The DVD regions - what are they good for? They're good for peanut gallery shows for the movie subcontractors, explained Hollywood insider Blonde a while back. These subcontractors aren't paid up front anymore. They get to see their names in lights at the end of the movies when everyone's already left their seats and rushing to the parking lot. And they get a cut on rental revenues - you know: that new industry the media companies opposed to the point they called it 'the Boston Strangler for a woman in Boston'. Which as we all know more than doubled their revenues. But they kept on bitching anyway.

Peter Sunde did a quick survey of MySpace, TPB, and YouTube, looking for copyrighted material. Google have lots at YouTube and Rupert has a lot at MySpace but nobody's bothering them. And it turned out with a random selection of 1,000 titles at all three sites that TPB had significantly fewer copyrighted links than the other two.

Monty Python just released their entire catalogue on YouTube in high quality MP4. And thereby increased their DVD sales by 23000% overnight. And still the greedos of Hollywood don't catch on. Is it about money or is it just 'don't touch my ball'?

No one cares what happens to the media companies in Hollywood anymore. People care about the artists themselves but not the suits. The suits are always trying to screw everyone - their customers and their clients both. They don't get any sympathy. By definition. They're the antipode of artistic to the last one.

Charlie Chaplin, Douglas Fairbanks Jr, and Mary Pickford once upon a time got sick and tired of the old studio system in Hollywood and started their own production company. United Artists. Who ran all the 007 movies until Michael Cimino drove them into bankruptcy. Now they're with Sammie Goldwyn and Louie B Mayer. But it's the thought that counts - your run of the mill Hollywood mogul is a rat.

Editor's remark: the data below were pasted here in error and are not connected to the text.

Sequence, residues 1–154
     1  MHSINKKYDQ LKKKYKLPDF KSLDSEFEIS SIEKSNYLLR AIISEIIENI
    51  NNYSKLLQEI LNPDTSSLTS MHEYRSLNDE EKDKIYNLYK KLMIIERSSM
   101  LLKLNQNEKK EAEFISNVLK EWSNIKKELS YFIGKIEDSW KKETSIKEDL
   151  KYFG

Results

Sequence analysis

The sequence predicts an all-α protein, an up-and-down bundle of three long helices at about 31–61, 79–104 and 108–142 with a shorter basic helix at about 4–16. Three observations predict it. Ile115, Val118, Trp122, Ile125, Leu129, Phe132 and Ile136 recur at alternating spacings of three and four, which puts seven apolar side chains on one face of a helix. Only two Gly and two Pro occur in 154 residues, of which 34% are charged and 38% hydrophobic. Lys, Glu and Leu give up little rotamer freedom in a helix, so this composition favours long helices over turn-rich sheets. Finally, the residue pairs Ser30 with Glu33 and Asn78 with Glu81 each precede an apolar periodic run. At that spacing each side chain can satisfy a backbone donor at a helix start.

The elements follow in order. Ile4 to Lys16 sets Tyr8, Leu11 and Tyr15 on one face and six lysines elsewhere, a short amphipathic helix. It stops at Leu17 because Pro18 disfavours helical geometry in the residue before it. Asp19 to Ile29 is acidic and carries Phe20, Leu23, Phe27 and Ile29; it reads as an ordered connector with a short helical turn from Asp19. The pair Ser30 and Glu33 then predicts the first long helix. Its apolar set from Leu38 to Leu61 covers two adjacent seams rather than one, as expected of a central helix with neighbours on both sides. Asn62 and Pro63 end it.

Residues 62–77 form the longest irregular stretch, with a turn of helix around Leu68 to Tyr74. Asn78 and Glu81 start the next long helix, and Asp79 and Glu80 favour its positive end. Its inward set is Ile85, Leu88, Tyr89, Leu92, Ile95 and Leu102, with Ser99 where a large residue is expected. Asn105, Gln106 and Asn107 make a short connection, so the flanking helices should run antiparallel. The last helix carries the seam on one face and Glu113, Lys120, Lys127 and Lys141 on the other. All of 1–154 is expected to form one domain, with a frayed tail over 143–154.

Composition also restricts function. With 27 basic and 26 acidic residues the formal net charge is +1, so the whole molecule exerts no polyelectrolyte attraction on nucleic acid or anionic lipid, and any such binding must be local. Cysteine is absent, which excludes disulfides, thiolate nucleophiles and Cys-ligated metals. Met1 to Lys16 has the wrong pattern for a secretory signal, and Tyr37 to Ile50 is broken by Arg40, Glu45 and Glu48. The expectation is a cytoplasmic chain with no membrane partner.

The verdict in the TPB case will be appealed no matter which way it goes. This will go on for years. Years from now it'll be a different world we live in. Who knows? Maybe Spotify will have taken over by then.

Although it's only available in seven countries (unless you have a good selection of open proxies) Spotify caught the entire world off guard and showed that even TPB's a thing of the past. Who wants to assemble piles and piles of CDs when you can get what you want faster from the cloud? The cloud is cheaper and easier!

And bandwidth might not permit it today but by tomorrow there will be film based Spotifies. What does it cost to rent a movie from Blockbuster? How many times per month do you do it? What's a $20 monthly subscription fee for 'all you can eat' against that?

They'll make money, those Hollywood rats. They always do, as Rick Falkvinge told them point blank. They'll adapt a model like Fredrik Neij told them to do and they'll stop complaining and go out and do what they're supposed to do again.

Rip people off and make lots of money. But they'll do it from behind the curtains. They'll stop harassing people. So they don't get people angry at them all the time.

And then the world can move on and relax. Until the next great technology breakthrough.

I love bandwidth! I have 100 megabits at home and I want a gig!
 - Fredrik Neij